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Will life-forms that can go a century without water save crops from droughts?

Scientists are becoming increasingly determined to find viable, sustainable ways to locate, save and recycle water. One search has led scientists to Tortula ruralis, a moss group capable of surviving as long as 100 years without water. During dry periods, these mosses stop photosynthesising and write a set of genetic instructions so they can spring back to life as soon as a water source returns. Similarly resilient are the microscopic creatures known as rotifers that live inside the moss. Scientists hope they might be able to borrow from the rotifers’ genetic code to engineer crops that could repair themselves after a dry spell.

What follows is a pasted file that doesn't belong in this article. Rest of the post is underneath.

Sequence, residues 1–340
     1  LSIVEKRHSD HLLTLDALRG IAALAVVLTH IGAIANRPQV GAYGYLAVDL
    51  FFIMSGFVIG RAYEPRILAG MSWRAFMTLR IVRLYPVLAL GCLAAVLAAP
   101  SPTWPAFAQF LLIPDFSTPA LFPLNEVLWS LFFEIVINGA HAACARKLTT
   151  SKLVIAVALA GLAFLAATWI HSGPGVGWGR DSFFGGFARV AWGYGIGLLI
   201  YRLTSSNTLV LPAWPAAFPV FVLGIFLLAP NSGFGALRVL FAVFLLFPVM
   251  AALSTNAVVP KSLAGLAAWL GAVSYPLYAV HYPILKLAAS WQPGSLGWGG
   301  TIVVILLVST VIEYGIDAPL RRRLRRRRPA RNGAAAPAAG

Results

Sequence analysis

Producer: Gabriela Quirós

Website: Deep Look

24 July 2015

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